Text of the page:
Bloomberg Law
June 15, 2022, 9:19 PM

Lloyd’s Owes Louisiana Restaurant for Viral Damage, Court Says

Daphne Zhang
Daphne Zhang
Insurance Correspondent

A New Orleans restaurant prevailed against Underwriters at Lloyd’s for insurance coverage of pandemic-related losses, after a Louisiana appellate court found that the coronavirus physically contaminated the eatery’s property.

Lloyd’s insurance policy is ambiguous, and the Oceana Grill’s argument that Covid-19 caused property damage by contaminating its facilities is plausible, said a 3-2 majority panel of the Louisiana Fourth Circuit Court of Appeal Wednesday, reversing a lower court ruling.

The ruling in favor of the policyholder comes as courts around the country have been mostly siding with insurers against businesses’ claims for losses related to Covid-19, concluding that the coronavirus and government closure orders don’t cause property damage.

“The physical presence of COVID-19 substantially diminished the usable space of the property, as tables needed to be pushed farther apart, and resulted in economic losses due to the slowdown of the appellants’ business,” Chief Judge Terri Love wrote. Other federal and state court rulings in favor of insurance companies are not binding to the Louisiana court, she added.

Lloyd’s has argued that Oceana Grill’s operation was never fully interrupted because the restaurant continued to serve take-out and delivery during the lockdown. Even though its customers could not access the dining areas, its employees could work on-site, and the restaurant never lost access or experienced full business suspension, it said.

But the majority panel disagreed. The insurance policy defines covered business suspension as both a “slowdown” and a “cessation” of business activities, the majority said. The business doesn’t need to experience a complete shutdown and loss of access to its facilities to get coverage, the judges said.

Lloyd’s policy also doesn’t have a virus exclusion, the panel said. The restaurant owner testified that he would not have bought a policy that excluded coverage for viruses or bacteria because the business serves raw oysters, it said.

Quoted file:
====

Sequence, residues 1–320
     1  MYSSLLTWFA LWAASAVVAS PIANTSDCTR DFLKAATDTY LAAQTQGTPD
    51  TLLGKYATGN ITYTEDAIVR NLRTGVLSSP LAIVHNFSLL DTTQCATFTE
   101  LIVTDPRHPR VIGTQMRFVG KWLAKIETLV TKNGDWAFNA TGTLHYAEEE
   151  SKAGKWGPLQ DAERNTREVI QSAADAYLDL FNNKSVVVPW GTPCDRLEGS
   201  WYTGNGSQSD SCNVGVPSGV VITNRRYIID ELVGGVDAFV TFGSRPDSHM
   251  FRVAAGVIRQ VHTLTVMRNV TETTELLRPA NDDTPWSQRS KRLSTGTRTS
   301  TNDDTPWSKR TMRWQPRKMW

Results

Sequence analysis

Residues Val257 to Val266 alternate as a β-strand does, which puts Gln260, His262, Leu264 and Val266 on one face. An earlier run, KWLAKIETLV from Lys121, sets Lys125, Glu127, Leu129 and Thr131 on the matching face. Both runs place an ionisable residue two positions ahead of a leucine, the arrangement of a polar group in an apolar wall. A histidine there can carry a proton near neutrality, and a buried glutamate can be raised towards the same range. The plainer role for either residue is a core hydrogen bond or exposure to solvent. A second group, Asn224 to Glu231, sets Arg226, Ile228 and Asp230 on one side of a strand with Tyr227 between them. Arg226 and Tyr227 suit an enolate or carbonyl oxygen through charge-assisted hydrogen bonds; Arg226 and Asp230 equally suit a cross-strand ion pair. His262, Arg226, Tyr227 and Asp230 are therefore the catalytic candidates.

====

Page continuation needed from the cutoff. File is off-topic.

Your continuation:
The French Quarter restaurant reasonably expected the policy to cover pandemic-related losses, and the all-risk commercial insurance pays for all losses unless specifically excluded, it said.

Judges Roland Belsome and Lynn Luker disagreed, siding with a lower court that found the restaurant didn’t suffer property damage.

“Numerous courts applying Louisiana law, in the context of business interruption coverage due to COVID-19” found the same policy language not ambiguous, Belsome wrote in the dissenting opinion. Oceana Grill’s never experienced “tangible alteration to the property that required repair”—a precondition of property policies, he said.

Even if a virus physically damages property, it can be easily removed by disinfectant, so there is no lasting property damage covered by the insurance, Belsome said.

Oceana Grill employed 200 staff members and hosted up to 500 guests at a time before the pandemic, according to filings. The restaurant paid $91,000 in premiums for its insurance.

Representatives for the parties couldn’t immediately be reached for comment.

Oceana Grill is represented by Gauthier Murphy & Houghtaling LLC; Davillier Law Group LLC; Alvendia, Kelly & Demarest; Chehardy, Sherman, Williams, Murray, Recile, Stakelum & Hayes LLP; Law Office of Bernard Charbonnet; Law Office of Desiree M. Charbonnet LLC; Irpino Law Firm; and Reed Smith LLP.

Lloyd’s is represented by Schonekas Evans McGoey & McEachin; Phelps Dunbar LLP; and Adams and Reese LLP.

The case is Cajun Conti v. Certain Underwriters at Lloyd’s, 2021-CA-0343, 6/15/22

To contact the reporter on this story: Daphne Zhang in New York City at

To contact the editor responsible for this story: Melissa B. Robinson at, Roger Yu at

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